Life as an expat can be a lonely one. Particularly if you are at home with 2 small children to look after for much of the day and don't totally understand the culture in which you find yourself. Even more so if, although you speak Bosnian up to a point, it is nowhere near the standard needed for anyone to enjoy a relaxing conversation with you without having to concentrate very hard and wincing occasionally. There aren't many other expats in Tuzla, let alone expat families, let alone expat families with 2 children in the same age range as my two.
It is safe to say that I spend a lot of time on my own with my boys. There isn't much else to do around here, so we are at home at home. Organised activities for children are few and far between. No playgroups, music classes or jungle gyms for us here (at least that I have been able to find out about). The playgrounds are tiny and badly maintained and inevitably just a bit scary for a mother with two adventurous climbing little boys. We've just entered the season of mud meaning that every time we go out there is a World War 1 battlefield mudfest outside (and shortly afterwards inside too). We do know other people, Bosnians, with similar aged children but they all work full time, making arranging play dates difficult to do during the week. Other friends, without kids of their own, also come round on a fairly regular basis and we do really enjoy it, but nothing is quite like having other children of a similar age for the boys to play with.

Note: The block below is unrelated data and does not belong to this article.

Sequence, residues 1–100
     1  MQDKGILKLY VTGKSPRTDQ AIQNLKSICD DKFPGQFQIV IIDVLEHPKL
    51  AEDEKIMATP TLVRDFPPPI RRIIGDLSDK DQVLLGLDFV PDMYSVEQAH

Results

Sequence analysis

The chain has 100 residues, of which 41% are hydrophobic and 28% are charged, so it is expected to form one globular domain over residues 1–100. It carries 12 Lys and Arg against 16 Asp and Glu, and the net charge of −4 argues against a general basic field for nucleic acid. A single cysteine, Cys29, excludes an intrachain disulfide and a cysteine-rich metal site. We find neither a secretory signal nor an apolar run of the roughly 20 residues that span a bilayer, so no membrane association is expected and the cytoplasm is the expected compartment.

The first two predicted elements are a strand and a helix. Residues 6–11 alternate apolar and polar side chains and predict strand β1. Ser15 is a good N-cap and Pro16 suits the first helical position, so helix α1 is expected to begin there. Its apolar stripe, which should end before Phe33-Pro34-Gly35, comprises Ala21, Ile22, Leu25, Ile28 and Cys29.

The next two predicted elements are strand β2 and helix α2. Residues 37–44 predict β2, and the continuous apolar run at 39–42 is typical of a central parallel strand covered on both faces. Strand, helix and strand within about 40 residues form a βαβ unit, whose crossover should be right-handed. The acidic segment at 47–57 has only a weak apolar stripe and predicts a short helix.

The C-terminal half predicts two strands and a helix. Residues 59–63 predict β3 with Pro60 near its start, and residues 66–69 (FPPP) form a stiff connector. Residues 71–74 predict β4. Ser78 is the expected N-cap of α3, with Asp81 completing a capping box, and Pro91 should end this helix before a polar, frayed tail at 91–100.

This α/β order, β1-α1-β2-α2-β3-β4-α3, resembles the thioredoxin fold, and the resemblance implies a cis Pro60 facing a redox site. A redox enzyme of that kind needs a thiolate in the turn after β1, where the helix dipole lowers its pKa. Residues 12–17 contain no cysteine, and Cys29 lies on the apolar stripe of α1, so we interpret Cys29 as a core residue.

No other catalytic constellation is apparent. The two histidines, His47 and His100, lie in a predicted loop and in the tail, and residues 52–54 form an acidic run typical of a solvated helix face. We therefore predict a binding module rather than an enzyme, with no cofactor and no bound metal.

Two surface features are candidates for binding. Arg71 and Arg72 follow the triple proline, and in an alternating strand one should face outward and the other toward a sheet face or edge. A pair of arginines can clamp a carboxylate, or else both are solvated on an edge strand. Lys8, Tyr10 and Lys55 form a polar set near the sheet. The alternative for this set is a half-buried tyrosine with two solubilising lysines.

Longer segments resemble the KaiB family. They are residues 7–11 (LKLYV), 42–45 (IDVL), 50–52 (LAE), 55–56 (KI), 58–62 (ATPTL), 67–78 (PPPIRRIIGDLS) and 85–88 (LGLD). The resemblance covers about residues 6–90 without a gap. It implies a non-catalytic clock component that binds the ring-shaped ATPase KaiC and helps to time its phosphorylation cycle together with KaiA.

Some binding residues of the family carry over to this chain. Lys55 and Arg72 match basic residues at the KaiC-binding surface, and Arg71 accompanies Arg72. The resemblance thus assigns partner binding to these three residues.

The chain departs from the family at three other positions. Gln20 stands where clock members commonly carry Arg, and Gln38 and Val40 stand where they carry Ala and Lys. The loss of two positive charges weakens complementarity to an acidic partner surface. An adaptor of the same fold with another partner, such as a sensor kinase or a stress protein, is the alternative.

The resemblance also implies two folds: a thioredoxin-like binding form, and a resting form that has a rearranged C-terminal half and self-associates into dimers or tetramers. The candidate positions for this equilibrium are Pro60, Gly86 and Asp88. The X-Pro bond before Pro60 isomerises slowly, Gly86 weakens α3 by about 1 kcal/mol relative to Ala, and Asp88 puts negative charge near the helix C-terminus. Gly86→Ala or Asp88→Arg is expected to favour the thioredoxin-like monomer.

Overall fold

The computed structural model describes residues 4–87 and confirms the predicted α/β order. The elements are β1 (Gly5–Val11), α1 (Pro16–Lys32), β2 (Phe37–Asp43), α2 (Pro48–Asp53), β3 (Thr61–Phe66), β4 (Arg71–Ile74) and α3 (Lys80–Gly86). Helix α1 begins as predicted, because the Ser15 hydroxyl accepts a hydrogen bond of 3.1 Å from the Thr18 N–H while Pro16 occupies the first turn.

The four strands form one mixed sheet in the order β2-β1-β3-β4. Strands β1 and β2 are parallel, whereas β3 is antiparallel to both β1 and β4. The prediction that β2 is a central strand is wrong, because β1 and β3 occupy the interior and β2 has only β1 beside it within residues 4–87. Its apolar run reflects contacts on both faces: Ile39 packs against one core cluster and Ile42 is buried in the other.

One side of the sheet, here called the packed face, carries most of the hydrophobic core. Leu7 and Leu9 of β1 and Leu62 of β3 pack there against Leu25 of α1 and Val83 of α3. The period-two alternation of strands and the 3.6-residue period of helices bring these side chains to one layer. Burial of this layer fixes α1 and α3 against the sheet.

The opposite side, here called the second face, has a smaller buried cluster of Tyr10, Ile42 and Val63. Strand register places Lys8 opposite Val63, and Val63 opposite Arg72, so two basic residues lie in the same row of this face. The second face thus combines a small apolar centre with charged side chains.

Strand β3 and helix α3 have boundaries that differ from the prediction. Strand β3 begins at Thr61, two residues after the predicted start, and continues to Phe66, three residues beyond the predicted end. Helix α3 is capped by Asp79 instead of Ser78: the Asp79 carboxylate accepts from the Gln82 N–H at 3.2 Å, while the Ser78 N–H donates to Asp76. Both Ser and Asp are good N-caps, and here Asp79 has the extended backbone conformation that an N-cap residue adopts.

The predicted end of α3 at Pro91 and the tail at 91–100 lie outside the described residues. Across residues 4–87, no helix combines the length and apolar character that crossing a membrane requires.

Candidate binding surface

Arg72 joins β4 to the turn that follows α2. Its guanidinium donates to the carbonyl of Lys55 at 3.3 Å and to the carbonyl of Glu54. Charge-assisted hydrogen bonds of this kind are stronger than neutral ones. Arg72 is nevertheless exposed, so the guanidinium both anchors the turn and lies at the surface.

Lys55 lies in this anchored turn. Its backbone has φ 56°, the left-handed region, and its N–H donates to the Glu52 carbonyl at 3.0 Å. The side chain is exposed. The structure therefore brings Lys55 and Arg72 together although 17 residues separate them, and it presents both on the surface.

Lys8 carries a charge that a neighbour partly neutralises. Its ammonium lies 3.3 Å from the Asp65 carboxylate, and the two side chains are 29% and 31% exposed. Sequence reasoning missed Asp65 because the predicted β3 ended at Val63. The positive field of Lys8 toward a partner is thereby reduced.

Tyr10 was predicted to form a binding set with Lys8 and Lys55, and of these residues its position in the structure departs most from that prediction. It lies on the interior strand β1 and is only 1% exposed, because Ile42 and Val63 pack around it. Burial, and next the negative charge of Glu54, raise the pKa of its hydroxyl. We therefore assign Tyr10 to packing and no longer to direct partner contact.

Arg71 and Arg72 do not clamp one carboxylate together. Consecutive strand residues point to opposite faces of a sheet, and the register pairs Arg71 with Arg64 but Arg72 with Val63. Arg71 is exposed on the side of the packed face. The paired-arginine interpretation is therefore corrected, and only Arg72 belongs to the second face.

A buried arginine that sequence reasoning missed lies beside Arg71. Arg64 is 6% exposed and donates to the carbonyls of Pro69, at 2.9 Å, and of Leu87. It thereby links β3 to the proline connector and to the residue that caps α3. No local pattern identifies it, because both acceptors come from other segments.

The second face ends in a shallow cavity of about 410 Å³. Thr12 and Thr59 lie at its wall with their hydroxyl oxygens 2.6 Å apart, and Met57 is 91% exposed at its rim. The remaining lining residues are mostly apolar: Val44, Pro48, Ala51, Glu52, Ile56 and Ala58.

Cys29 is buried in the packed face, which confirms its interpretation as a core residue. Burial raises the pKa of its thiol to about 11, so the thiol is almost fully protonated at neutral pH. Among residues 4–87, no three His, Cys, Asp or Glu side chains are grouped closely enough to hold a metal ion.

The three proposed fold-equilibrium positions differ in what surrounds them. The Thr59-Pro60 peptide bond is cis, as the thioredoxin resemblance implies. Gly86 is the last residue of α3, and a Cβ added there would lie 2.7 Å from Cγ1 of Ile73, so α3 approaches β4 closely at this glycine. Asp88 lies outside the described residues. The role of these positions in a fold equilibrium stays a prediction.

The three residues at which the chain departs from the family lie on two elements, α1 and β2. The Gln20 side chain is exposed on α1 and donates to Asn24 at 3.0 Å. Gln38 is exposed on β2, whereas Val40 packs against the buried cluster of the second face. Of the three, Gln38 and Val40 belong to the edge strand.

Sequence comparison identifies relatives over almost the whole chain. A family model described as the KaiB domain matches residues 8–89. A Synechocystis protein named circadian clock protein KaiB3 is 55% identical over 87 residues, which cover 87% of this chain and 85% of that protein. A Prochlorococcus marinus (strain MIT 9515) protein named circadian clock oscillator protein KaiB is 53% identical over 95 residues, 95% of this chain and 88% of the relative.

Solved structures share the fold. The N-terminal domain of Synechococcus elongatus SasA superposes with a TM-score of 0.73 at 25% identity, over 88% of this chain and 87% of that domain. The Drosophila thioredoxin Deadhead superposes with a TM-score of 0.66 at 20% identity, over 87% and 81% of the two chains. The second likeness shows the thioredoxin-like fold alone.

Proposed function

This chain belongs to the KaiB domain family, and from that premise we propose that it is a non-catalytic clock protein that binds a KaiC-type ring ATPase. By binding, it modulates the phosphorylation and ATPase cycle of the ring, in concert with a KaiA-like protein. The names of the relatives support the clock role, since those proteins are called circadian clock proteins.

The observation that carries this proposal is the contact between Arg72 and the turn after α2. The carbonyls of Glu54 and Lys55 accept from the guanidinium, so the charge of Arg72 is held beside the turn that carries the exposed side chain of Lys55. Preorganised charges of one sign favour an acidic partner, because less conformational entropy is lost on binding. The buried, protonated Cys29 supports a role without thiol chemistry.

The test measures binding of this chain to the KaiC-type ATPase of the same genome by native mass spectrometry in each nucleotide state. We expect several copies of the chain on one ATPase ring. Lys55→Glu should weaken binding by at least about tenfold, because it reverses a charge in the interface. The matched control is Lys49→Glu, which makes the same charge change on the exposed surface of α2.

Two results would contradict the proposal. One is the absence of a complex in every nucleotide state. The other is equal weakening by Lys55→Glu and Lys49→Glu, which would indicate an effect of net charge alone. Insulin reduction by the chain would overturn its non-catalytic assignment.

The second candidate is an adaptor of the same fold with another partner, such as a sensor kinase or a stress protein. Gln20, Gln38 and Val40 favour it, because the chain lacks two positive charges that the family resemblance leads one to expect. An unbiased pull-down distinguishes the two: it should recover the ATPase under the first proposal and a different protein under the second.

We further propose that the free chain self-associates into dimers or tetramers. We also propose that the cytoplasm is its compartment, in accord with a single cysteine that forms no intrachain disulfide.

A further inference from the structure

Every now and then I read a post with envy, people say things like 'for once, we didn't have any organised play activities this afternoon'. I am desperate for some organised play activity, it would be wonderful. Organised play activities serve many purposes. We get out of the house. There are other adults there. The boys get a chance to do something different. And when we get back to the house, there are all the toys etc. that haven't been played with for a while so are interesting again.
Anyway, this isn't intended to be a post that waffles on forever about how hard it is not to have other Mummy mates. I've actually got used to it. We all have. I'm much better and more resourceful and working out things for us to do during the week, and the boys are that much older making it easier for me to find things for us to do too. No, what this post is all about is the importance of blogging to someone who is quite isolated, like me.
There has been a whole load of stuff written in the last week about Mummy Blogging. Is it too competitive? Too commercial? People are not enjoying their blogs, agonising over whether accepting advertising and reviews is selling out or not. So I wanted to wade in with my size 10s (actually size 7 and currently clad in some rather funky flower print trainers which I like very much, but I digress) and stick up a great big banner and shout from the rooftops 'WHAT MAKES BLOGGING BRILLIANT IS THE COMMUNITY!'.